Treatment with T-PEMFs improved mobility and activities of daily living scores for clinical effect size only in the active group, indicating a positive treatment response for motor symptoms. No difference was found between the two groups for the remaining PDQ-39 dimensions. The treatment had no or only mild adverse events and was performed with high compliance.
© 2018 EAN.
Parkinson's disease; non-motor symptoms; pulsed electromagnetic fields; quality of life; randomized clinical trial
Rio Grande Neurosciences, Inc. manufactures pulsed electromagnetic field therapy devices for the treatment of neuroinflammation. The company develops traumatic brain injury therapeutics; current disposable clinical treatment units; and devices for concussion clinical trials. Rio Grande Neurosciences, Inc. was founded in 2011 and is based in San Francisco, California.
Endonovo produces Sofpulse, Sofpulse testing in New Mexico for Traumatic Brain injury, recruiting.
What is the difference between Pulsed Electromagnetic Stimulation treating arthritis, bone healing, and the magnetic wave cap, considering Actipatch (?) did a trial for migraine sufferers, and people with PSP (European Parkinsons) have a several symptoms in common w AD
Trebbastoni A1, Raccah R, de Lena C, Zangen A, Inghilleri M.
The H-coils are a new development in transcranial magnetic stimulation (TMS) research, allowing direct stimulation of deeper neuronal pathways than does standard TMS. This study assessed possible health risks, and some cognitive and emotional effects, of two H-coil versions designed to stimulate deep portions of the prefrontal cortex, using several stimulation frequencies.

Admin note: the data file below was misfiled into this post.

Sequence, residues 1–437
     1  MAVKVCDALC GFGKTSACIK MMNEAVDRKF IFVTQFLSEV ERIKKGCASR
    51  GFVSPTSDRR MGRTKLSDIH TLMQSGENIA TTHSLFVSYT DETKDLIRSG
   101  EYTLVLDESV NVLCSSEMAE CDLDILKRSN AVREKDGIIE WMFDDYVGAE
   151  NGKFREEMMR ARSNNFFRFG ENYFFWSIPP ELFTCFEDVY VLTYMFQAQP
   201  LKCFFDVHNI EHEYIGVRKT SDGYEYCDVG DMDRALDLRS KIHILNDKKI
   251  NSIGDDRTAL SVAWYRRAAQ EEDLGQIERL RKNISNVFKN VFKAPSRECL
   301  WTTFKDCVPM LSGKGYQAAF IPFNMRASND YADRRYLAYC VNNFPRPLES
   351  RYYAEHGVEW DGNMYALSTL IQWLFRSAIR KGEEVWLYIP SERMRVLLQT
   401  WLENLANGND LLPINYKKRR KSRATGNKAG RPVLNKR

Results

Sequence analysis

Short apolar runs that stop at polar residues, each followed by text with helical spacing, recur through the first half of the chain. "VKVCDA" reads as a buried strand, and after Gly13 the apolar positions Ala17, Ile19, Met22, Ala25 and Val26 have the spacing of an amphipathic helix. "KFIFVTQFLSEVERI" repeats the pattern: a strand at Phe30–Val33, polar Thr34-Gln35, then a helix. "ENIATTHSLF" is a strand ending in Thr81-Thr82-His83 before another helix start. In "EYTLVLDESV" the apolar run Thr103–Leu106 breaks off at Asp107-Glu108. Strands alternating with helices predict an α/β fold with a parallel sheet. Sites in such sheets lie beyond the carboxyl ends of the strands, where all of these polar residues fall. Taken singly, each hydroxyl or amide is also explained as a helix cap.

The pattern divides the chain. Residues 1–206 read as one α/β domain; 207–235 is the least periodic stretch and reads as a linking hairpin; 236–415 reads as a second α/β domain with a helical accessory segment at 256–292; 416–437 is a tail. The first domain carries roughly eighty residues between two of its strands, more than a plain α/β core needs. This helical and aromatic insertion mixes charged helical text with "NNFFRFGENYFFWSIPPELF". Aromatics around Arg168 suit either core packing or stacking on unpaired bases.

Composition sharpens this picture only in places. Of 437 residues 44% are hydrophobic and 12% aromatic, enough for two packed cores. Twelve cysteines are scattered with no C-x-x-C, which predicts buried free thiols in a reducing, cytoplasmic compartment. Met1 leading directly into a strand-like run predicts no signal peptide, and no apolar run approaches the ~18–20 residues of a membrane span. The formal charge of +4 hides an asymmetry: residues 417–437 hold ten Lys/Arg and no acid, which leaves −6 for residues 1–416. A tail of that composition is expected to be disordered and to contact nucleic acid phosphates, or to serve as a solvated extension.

Healthy volunteers (n=32) were randomly assigned to one of four groups: each of two H-coil designs (H1/H2), standard figure-8 coil, and sham-coil control. Subjects were tested in a pre-post design, during three increasing (single pulses, 10 Hz, and 20 Hz) stimulation sessions, as well as 24-36 h after the last stimulation.
The major finding of the present study is that stimulation with the novel H-coils was well tolerated, with no adverse physical or neurological outcomes. Computerized cognitive tests found no deterioration in cognitive functions, except for a transient short-term effect of the H1-coil on spatial recognition memory on the first day of rTMS (but not in the following treatment days). On the other hand, spatial working memory was transiently improved by the H2-coil treatment. Finally, the questionnaires showed no significant emotional or mood alterations, except for reports on 'detachment' experienced by subjects treated with the H1-coil.
This study provides additional evidence for the feasibility and safety of the two H-coil designs (H1/H2).
The H-coils offer a safe new tool with potential for both research and clinical applications for psychiatric and neurological disorders associated with dysfunctions of deep brain regions.
[Indexed for MEDLINE].
Media from Storz Medical in Switzerland